The 21st century has brought an additional layer of complexity to being a successful doctor: maintaining a pristine online reputation for both yourself and your practice. And while this activity may sound tedious, it’s critical to your success as a physician today.

One study from the American Life Project found that over half of Internet users aged 34 to 45 researched healthcare professionals online, proving the online review websites such as and Yelp might be your first (and last) impression on potential patients. Discussing the importance of online reputation management, Tobin Arthur wrote the following on back in 2012:

"Ignoring your online reputation now is akin to college kids posting pictures of themselves involved in all kinds of bungholery on Facebook, thinking that the professional world is far off in the distance. It’s your professional reputation. You worked hard to get where you are and you owe it to yourself to manage and protect it.”

Our team at Software Advice talks to physicians every day, so we know that doctors are already pressed for time as it is. The last thing any doctor needs is to stress about one bad review or debate on the best method of response. Here are some quick tips that cover the dos and don’ts that you should keep in mind:

  1. Avoid HIPAA violations by never discussing specifics of patients online. To avoid a major HIPAA violation, ensure that you neither confirm nor deny a patient as yours, and do not share anything specific about their record or treatment.
  2. Don’t email patients unless they’ve provided written consent. In many states, doctors require written proof to communicate via email with patients. Until you’ve received this, you should only call patients if you must discuss pertinent issues.
  3. Take a break when you know you’re upset. Once you’ve written a response, the Internet will catalog it--and try as you might, it could be hard to remove or rework your words. After finding a poor review, take a break. 24 hours may seem like a long time, but it will allow you to cool your head and decide how to best respond.
  4. Don’t point fingers. Getting into a “he said, she said” battle will likely only affirm to readers that you’re only trying to save-face after being caught. In addition, many review sites and search engines reward newer content, so a long and drawn-out Internet battle will be seen by many and could possibly turn away potential patients.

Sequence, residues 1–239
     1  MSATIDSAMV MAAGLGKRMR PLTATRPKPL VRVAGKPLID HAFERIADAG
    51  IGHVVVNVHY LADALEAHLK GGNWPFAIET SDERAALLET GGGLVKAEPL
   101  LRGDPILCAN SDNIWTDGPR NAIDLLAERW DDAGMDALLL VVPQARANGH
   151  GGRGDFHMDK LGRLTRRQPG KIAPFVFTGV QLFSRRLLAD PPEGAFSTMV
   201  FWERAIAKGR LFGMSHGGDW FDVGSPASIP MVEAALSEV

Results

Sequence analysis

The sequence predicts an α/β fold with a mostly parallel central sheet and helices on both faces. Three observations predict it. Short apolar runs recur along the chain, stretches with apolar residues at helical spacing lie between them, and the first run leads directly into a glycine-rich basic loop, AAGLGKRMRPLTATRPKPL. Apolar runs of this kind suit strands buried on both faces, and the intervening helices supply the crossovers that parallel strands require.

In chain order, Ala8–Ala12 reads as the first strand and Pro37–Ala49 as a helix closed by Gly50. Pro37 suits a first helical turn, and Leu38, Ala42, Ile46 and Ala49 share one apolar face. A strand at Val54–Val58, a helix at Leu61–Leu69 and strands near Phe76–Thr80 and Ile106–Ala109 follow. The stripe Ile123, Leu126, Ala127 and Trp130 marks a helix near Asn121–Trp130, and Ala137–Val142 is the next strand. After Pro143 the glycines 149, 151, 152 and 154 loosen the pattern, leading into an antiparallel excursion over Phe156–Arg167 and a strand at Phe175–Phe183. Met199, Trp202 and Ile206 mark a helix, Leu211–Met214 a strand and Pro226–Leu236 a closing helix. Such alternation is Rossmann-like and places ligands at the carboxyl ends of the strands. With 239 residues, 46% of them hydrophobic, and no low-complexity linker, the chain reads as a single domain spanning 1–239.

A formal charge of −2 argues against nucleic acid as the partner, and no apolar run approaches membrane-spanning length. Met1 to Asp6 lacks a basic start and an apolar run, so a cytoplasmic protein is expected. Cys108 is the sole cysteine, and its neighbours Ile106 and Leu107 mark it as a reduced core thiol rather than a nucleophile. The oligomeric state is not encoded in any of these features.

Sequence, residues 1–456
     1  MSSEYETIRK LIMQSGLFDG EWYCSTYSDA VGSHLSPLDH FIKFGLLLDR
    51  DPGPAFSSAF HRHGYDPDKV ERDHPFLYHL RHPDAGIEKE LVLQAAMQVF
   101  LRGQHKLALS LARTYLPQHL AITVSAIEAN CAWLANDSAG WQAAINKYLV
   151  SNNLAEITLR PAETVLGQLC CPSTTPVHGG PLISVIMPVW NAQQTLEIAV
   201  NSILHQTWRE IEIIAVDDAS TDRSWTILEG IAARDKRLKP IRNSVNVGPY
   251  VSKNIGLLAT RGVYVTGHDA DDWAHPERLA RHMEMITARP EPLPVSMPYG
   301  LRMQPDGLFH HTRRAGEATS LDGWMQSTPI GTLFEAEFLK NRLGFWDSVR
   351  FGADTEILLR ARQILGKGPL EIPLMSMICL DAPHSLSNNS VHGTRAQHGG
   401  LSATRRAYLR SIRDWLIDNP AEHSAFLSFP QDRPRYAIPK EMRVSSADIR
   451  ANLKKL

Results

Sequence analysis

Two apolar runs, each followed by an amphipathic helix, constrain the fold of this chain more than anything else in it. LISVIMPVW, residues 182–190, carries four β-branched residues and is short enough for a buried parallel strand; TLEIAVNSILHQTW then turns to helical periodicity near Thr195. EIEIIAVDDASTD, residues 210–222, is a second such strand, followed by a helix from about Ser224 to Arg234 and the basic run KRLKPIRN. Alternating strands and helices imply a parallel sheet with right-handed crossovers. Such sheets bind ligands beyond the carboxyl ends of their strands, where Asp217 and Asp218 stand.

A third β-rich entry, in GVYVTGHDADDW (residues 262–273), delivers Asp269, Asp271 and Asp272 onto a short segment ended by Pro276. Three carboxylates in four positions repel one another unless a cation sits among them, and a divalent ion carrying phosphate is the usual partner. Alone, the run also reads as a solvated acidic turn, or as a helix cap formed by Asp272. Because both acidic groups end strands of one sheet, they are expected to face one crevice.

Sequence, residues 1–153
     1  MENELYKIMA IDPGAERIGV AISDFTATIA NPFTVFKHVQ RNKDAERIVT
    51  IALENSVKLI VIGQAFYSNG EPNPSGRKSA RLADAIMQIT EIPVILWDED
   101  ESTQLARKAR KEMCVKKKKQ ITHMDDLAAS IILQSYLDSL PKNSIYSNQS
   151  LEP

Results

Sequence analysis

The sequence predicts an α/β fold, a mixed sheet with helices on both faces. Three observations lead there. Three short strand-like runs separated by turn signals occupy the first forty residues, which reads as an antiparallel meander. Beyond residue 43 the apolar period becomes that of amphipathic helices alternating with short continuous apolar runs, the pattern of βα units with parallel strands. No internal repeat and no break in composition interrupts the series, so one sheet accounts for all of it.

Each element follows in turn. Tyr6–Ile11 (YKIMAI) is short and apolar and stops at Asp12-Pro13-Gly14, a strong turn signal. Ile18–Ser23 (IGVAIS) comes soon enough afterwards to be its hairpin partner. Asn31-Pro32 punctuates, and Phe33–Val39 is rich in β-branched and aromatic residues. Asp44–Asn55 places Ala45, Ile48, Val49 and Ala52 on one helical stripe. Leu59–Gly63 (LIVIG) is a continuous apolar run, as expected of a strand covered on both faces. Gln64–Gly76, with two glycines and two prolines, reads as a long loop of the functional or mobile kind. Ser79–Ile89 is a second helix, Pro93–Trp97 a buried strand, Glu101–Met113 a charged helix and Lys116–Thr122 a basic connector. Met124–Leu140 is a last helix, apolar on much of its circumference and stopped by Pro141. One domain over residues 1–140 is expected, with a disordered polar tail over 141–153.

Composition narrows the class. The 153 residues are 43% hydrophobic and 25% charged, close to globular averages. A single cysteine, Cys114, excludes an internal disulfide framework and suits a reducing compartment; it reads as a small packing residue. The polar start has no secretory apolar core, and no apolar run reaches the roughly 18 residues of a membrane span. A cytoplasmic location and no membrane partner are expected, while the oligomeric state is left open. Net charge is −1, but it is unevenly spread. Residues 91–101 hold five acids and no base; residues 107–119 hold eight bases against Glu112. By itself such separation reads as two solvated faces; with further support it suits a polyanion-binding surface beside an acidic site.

5. Don’t fight over every complaint. Be sure you evaluate whether a review is poor or if it’s damning. You won’t be able to please everyone, and having a natural “review portfolio” will make your profile seem more credible to Internet users.
  6. Use poor reviews as feedback and areas for improvement. It’s common for poor reviews to involve a practice itself, rather than medical treatment. Use negative feedback and work with your office staff to make sure that the appropriate changes are made.
  7. Prove your commitment to improvement through your online messaging. While you can’t get into patient specifics online, you can address the issue. For example, you could update your website or review page information to note your commitment to improving upon the issues that reviewers have brought to your attention.
  8. Communicate directly with unhappy patients. If you can identify the patient that posted a poor review, just give them a call. It may help you keep the patient, and they’ll likely remove the negative review if you can also mend the relationship.
  9. Remove poor reviews if they’re untrue. If an individual posts libelous information about you online, it’s your right to have it removed. Contact the review website and ask what the process entails if you feel it will negatively impact your credibility.
  10. Ask your patients to post reviews. This might sound silly, but incorporate a way to ask patients to review your practice online. This will lead to happy patients posting about you, and will even balance out any poor reviews that may appear down the road.

Feel free to include any other tips in the comments below.